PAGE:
1246 posts in 2447 days


#2 posted 09-21-2011 04:06 PM

Just looked at the hyper link you sent – No, that is way above my requirements, I was talking about the small regulator/filter (about the size of a soda can) that fits somewhere between compressor and air tool.

-- No one plans to fail, they just, just fail to plan

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CampD

1475 posts in 2953 days


#3 posted 09-21-2011 04:42 PM

If you plan to use a spray gun in the future, I would not add a lubricator to the system.
Lubricator’s are IMO just for big shops that will only be using tools that need oiling, just stick to adding a few drops directly in to your tools.

Air filter/regulator is a good investment to keep junk from getting into your tools and ruining the seals.
For the amount of use it seems that you’ll be doing just a small one is all you need.

If you do plan on spraying in the future (we all end up that way) I would recommend a filter/water seperator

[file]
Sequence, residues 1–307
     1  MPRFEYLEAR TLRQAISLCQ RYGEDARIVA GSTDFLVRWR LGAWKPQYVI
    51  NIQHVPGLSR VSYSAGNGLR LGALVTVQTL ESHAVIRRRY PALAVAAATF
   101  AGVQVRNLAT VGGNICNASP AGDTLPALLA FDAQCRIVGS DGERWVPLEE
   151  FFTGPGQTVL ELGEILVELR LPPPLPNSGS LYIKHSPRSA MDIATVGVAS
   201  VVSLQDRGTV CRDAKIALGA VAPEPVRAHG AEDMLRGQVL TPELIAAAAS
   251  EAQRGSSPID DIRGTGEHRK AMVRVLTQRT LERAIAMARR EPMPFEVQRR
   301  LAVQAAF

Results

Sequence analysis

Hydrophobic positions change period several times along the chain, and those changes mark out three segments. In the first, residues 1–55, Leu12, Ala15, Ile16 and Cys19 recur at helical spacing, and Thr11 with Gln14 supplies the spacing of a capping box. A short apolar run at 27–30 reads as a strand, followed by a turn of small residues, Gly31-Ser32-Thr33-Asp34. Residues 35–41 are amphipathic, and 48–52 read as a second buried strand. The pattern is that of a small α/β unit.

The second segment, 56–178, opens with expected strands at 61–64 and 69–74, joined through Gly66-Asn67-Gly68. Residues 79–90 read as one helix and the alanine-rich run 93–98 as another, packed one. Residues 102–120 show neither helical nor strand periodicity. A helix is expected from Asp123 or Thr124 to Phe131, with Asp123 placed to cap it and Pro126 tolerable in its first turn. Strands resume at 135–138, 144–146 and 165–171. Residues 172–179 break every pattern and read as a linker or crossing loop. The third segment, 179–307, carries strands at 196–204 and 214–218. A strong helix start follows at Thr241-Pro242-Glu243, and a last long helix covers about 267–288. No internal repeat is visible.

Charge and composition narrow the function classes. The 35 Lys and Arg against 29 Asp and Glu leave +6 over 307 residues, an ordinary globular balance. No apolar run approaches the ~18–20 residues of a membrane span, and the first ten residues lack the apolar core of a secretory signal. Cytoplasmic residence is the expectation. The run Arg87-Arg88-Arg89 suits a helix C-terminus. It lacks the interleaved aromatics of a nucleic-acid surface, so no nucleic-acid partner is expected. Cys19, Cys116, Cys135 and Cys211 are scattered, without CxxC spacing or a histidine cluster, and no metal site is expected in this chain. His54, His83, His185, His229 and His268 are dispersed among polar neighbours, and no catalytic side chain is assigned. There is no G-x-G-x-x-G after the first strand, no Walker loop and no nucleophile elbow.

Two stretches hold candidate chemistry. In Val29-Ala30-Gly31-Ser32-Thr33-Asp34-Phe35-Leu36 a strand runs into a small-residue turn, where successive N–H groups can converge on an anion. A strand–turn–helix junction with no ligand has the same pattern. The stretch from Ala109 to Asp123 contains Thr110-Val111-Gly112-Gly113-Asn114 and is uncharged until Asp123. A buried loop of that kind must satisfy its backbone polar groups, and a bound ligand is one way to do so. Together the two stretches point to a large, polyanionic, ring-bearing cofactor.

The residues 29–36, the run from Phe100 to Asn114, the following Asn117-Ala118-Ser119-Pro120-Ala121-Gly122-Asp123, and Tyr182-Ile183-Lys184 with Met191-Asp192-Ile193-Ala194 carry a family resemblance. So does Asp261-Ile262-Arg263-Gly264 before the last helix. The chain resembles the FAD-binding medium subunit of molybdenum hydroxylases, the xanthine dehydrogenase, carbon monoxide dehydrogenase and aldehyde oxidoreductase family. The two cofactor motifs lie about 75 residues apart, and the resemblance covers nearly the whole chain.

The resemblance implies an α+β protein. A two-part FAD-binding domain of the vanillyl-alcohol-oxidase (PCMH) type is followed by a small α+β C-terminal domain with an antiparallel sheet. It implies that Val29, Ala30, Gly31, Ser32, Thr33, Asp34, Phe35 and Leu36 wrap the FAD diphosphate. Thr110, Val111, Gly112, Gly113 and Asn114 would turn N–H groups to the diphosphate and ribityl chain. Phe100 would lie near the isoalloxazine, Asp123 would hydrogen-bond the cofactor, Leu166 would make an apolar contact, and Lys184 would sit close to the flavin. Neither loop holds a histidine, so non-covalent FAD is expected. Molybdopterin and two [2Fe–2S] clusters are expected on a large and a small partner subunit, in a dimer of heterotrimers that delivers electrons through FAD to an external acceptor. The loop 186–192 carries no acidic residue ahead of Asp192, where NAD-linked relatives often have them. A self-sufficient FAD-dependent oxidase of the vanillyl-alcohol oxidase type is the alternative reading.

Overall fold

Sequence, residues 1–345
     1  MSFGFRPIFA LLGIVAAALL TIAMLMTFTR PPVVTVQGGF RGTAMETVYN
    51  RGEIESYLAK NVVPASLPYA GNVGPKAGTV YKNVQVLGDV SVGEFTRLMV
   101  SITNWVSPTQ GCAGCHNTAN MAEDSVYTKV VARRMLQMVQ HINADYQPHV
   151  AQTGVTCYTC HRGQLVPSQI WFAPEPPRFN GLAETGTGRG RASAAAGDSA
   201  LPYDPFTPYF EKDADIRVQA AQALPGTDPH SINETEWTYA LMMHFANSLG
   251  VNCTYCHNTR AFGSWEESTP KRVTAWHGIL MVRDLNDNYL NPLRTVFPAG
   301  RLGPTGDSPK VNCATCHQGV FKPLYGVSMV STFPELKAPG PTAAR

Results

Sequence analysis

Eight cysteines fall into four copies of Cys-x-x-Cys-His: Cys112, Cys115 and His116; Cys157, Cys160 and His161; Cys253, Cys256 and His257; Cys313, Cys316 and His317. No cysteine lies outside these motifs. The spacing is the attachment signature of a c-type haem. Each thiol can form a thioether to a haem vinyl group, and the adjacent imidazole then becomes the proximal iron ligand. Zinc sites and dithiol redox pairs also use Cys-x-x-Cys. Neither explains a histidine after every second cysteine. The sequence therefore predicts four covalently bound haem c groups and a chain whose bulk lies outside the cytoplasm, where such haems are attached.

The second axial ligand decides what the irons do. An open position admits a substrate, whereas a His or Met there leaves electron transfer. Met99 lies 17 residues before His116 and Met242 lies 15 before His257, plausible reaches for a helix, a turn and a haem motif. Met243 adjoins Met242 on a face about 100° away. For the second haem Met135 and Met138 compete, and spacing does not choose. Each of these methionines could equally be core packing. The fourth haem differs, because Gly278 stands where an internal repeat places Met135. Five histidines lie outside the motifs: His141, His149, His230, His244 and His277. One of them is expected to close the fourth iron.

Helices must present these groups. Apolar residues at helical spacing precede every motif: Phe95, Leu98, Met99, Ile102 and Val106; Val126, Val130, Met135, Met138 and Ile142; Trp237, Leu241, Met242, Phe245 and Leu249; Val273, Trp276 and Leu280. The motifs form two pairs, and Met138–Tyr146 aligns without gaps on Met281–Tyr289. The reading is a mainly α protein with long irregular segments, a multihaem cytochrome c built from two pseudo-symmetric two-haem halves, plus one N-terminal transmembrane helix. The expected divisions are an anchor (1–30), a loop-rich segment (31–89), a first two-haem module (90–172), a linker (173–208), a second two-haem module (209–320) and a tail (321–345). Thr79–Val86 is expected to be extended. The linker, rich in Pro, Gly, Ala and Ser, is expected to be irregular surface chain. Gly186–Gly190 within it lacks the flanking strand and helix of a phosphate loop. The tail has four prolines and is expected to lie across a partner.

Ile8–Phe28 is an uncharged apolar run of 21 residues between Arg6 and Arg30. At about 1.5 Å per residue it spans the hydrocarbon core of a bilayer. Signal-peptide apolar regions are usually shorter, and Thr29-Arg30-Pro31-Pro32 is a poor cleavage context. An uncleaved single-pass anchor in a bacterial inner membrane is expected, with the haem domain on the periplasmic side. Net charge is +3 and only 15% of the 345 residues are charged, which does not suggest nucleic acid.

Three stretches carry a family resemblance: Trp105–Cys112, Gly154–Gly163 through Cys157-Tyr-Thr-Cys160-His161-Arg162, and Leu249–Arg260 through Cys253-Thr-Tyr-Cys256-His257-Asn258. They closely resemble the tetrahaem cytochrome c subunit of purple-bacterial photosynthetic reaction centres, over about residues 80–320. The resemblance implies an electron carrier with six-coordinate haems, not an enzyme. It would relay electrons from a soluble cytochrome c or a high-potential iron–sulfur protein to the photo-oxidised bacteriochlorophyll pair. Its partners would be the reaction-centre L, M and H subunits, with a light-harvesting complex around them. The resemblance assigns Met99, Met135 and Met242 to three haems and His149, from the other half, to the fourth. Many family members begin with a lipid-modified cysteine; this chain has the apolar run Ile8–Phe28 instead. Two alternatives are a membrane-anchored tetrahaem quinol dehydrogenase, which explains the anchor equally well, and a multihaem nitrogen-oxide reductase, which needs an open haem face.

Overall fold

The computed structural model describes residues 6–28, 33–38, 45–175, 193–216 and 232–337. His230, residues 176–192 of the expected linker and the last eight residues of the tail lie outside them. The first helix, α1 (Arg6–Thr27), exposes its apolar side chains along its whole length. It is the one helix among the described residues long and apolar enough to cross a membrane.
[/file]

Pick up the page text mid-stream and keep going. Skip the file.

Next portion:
-- Doug...

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bluekingfisher

1246 posts in 2447 days


#4 posted 09-21-2011 04:50 PM

Thanks Doug, that makes perfect sense. The only thing I am having trouble with is where do you install the regulator/filter, on the compressor or at the tool end?

I’m guessing at the compressor end where it is not so much in the way…I’ll try it see how it goes. Thanks

David

-- No one plans to fail, they just, just fail to plan

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chrisstef

15677 posts in 2474 days


#5 posted 09-21-2011 06:08 PM

I think what you’re talking about is an in line seperator. It would be located between the tool and the line. If it is an in line sperator youre talking about it should be for removing any water or condensation in the line which can cause your tool to freeze. I could definately be totally wrong on the whole premise though lol.

-- rock, chalk, jayhawk

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CampD

1475 posts in 2953 days


#6 posted 09-21-2011 06:15 PM

I’ve got mine (filter/seperator/regulator) mounted on the wall next to the compressure and run a short length of hose to hook-it up when needed. My compressure has a regulator on it and its always set for 100psi, most tools run fine with this pressure except for the real air hogs, IE: grinder or DA.